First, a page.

Now, a generation later, reading the English translation, many of the same feelings return, though they are still more complicated. Once again, horror is followed by an awed pride that so self-immolating a story could ever have been considered canonical, much less remain so for almost 60 years. But then comes a dull, dyspeptic realization that "Khirbet Khizeh," in English, in 2008, is a gift for anti-Israel propagandists. It will enter the growing bibliography of "ethnic cleansing" literature.
From now on, it will be Exhibit A in the case against Israel: positive proof that from the very start, like today, Israel has violently, sometimes murderously, displaced innocent Palestinians.
The book invites this. "Khirbet Khizeh" retains an immediacy that lends it straight-from-today's-front-page relevance. The exquisite afterword of the new edition says as much. It was written by David Shulman, a Hebrew University Sanskrit professor and peace activist.
"Unfortunately," Shulman writes, "it's not at all clear that young Israelis who read this tale of what is, for them, a very distant past are likely to connect it in any meaningful way to their lives today." For Shulman, the connection is immediate; he has been attending solidarity demonstrations in the West Bank villages of Twaneh and Tuba, which have recently come under vigilante attack by West Bank settlers. The next time he goes, he concludes, "we'll be carrying signs, in Hebrew and Arabic, for the benefit of the villagers and the soldiers and the press, signs that say something like, 'Lift the Siege on Tuba!' and 'Evacuate the Settler Outposts' and 'No to Occupation, Yes to Peace.' Maybe I'll make one for myself: 'No More Khirbet Khizehs.'"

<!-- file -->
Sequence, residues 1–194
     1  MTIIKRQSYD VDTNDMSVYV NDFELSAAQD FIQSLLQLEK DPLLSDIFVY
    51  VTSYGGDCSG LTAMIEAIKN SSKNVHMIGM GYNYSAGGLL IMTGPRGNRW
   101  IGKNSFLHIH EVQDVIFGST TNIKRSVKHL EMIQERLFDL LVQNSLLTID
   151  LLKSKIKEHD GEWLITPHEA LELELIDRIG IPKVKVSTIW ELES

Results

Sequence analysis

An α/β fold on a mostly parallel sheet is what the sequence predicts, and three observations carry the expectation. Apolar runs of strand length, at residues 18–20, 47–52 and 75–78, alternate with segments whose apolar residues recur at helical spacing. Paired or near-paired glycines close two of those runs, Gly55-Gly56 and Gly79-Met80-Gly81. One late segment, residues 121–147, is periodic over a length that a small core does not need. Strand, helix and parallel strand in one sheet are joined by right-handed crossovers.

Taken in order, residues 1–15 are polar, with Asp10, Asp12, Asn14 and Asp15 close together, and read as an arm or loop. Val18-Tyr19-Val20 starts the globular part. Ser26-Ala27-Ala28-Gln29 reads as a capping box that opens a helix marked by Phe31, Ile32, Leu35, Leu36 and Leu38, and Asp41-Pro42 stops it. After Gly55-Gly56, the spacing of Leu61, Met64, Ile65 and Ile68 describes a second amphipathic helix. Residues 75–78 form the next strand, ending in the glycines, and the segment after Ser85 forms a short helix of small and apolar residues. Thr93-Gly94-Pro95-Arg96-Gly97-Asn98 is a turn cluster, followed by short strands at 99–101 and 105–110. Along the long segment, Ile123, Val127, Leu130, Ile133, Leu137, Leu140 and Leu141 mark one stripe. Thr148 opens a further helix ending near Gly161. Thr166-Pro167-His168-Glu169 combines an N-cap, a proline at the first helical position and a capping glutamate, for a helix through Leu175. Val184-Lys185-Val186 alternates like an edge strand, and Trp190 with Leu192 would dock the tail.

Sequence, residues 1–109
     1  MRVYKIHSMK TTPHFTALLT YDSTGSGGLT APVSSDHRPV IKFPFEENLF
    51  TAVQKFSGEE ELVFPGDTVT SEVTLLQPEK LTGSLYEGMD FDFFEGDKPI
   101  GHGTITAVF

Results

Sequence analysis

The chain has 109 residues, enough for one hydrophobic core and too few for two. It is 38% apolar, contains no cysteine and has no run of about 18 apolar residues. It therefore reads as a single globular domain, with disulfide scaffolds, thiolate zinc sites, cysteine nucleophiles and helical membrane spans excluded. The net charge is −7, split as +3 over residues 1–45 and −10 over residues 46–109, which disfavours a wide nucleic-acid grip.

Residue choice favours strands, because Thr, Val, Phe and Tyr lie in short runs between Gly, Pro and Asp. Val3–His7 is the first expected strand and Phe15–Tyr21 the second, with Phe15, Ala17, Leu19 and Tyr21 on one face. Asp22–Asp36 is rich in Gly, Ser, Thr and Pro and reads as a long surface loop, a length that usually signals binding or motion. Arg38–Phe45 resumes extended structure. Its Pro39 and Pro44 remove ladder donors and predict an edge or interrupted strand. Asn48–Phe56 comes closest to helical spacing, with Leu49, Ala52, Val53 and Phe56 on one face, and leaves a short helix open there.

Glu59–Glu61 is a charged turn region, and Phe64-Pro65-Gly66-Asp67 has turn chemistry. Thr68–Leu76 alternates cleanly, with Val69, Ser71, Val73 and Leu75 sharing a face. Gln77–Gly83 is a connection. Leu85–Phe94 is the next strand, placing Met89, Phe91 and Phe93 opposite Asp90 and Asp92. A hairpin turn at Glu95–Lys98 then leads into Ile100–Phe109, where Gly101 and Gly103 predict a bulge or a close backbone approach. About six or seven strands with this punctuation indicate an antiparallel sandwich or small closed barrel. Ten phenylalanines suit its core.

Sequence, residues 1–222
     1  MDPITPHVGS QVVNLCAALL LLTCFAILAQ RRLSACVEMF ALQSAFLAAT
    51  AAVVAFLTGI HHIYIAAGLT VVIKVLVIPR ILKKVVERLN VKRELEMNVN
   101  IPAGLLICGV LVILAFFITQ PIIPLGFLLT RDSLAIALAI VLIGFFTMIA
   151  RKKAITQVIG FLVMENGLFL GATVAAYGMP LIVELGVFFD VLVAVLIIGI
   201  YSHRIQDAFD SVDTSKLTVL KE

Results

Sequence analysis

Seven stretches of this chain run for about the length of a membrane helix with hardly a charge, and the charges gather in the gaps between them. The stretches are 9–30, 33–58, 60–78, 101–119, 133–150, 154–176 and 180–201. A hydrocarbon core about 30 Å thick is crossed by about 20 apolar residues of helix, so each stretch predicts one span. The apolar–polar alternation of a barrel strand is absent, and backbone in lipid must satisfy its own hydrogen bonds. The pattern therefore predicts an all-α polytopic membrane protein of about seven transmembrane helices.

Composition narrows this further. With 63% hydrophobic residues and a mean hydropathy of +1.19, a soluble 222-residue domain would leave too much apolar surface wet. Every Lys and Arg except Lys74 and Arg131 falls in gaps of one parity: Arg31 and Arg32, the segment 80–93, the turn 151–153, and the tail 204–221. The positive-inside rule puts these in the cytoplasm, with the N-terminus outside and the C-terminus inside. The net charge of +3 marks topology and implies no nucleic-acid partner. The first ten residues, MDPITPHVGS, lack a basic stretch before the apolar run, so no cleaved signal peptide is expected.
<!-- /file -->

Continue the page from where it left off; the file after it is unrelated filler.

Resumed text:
Shulman is right to find in "Khirbet Khizeh" the message: "We did this; We do this." And he is not wrong to draw the moral: "No more Khirbet Khizehs." Perhaps this is what the novella means in 2008. Perhaps this is especially what the novella means when translated into English. Still, it could mean more, and it should.
Aware in 1949, oblivious in 1977
Fifty-nine years ago, when "Khirbet Khizeh" was first published, it was not an expose of wartime misconduct. No expose was needed. In 1949, few Israelis were unaware that Arab villages had been forcibly evacuated. As historian Anita Shapira has shown in a brilliant essay on the novella's reception from its publication until the 1990s, though "Khirbet Khizeh" was a best-seller in its first years, and though it was much discussed in newspapers and magazines, its veracity was hardly challenged and few questioned whether such an unpretty account of events should be published. When "Khirbet Khizeh" first came out, it was a rumination on something people knew to be true - how could they not? - and its aim was to clearly describe what had appeared vague in the fog of war and then the exaltation of victory: the moral muck inevitable in creating a Jewish majority in Palestine. This was the "Khirbet Khizeh" that was added to the high school curriculum.